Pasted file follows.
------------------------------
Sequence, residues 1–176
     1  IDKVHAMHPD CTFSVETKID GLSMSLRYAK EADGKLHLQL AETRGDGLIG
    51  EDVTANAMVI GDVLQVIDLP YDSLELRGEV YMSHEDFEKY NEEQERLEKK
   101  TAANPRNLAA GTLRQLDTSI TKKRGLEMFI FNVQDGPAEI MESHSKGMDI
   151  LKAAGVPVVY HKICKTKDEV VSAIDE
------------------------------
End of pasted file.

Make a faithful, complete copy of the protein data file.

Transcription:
Sequence, residues 1–176
     1  IDKVHAMHPD CTFSVETKID GLSMSLRYAK EADGKLHLQL AETRGDGLIG
    51  EDVTANAMVI GDVLQVIDLP YDSLELRGEV YMSHEDFEKY NEEQERLEKK
   101  TAANPRNLAA GTLRQLDTSI TKKRGLEMFI FNVQDGPAEI MESHSKGMDI
   151  LKAAGVPVVY HKICKTKDEV VSAIDE